Entity Tags: John O’Neill, Valerie James

Timeline Tags: Complete 911 Timeline

John O’Neill, special agent in charge of the FBI’s national security division in New York, leaves his Palm Pilot handheld computer, on which he has the details of his police contacts stored, behind after attending a baseball game, but fortunately the device is not stolen and he is subsequently able to retrieve it. O’Neill realizes the Palm Pilot is missing as he is driving home after attending the game at the Yankee Stadium in New York. The device is loaded with contact numbers and O’Neill is panicked at the thought of losing it. He calls security at the stadium, and explains that he works for the FBI and may have dropped his Palm Pilot from a pocket while he was at the baseball game. A guard goes to search for the device and soon finds it under a seat in the area where O’Neill had been sitting. O’Neill, relieved that it has been found, immediately goes back to the stadium to collect it. Many of his friends will later say this “lapse by the usually flawless O’Neill showed the strain on his mind” around this time, caused by his frantic work schedule and his complicated personal life, according to journalist and author Murray Weiss. [New Yorker, 1/14/2002; Weiss, 2003, pp. 276; Wright, 2006, pp. 294-295] O’Neill previously got into trouble for taking his longtime girlfriend to a secret FBI garage and letting her use the bathroom there (see Summer 1999). [Graff, 2011, pp. 260-261] He will get into trouble again after his briefcase, containing classified material, is stolen when he leaves it unattended during a conference (see July 2000). [PBS, 10/3/2002; Wright, 2006, pp. 317]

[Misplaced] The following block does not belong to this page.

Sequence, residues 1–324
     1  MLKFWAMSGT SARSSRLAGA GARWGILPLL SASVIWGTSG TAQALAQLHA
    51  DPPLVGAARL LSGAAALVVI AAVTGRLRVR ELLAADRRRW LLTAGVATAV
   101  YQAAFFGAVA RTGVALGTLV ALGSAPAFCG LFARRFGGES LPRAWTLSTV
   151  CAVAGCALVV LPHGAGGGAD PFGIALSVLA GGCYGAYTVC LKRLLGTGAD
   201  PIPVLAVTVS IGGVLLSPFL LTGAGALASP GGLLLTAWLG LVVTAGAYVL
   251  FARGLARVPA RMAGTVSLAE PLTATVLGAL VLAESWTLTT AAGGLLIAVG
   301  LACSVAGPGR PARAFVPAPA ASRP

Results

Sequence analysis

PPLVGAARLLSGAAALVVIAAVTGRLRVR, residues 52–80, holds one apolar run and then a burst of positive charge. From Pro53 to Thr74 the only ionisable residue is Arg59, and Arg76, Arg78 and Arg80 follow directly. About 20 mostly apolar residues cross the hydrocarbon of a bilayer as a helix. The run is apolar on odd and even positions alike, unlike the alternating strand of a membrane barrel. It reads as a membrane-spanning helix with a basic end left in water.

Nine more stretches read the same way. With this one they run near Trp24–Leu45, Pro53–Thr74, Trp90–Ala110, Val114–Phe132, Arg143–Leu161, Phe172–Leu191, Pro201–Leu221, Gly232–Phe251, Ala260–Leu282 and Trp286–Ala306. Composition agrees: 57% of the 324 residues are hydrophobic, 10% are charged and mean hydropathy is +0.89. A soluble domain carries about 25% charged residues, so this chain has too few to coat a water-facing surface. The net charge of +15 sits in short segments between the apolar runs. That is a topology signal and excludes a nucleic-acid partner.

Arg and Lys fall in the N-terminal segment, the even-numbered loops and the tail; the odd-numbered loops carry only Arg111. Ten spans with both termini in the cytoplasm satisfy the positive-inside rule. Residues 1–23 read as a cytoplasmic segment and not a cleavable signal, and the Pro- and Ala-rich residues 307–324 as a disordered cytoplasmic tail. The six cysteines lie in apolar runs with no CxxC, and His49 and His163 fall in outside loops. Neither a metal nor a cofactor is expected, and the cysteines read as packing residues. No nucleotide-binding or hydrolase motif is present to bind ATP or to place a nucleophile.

Entity Tags: John O’Neill

Timeline Tags: Complete 911 Timeline

John O’Neill, special agent in charge of the FBI’s national security division in New York, has his briefcase, which contains important classified information, stolen when he leaves it unattended during a conference and he will subsequently be placed under investigation over the incident. [New Yorker, 1/14/2002; PBS, 10/3/2002] O’Neill is required to attend a pre-retirement conference in Orlando, Florida, even though he currently has no plans to retire from the FBI. He brings his division’s annual field office report with him, so he can complete it during the event. The important document outlines every counterterrorism and counterespionage case in New York, and will be used to help determine his division’s future funding levels. During the seminar, O’Neill sits at the back of the conference room so he can ignore the presentations and instead work on the report.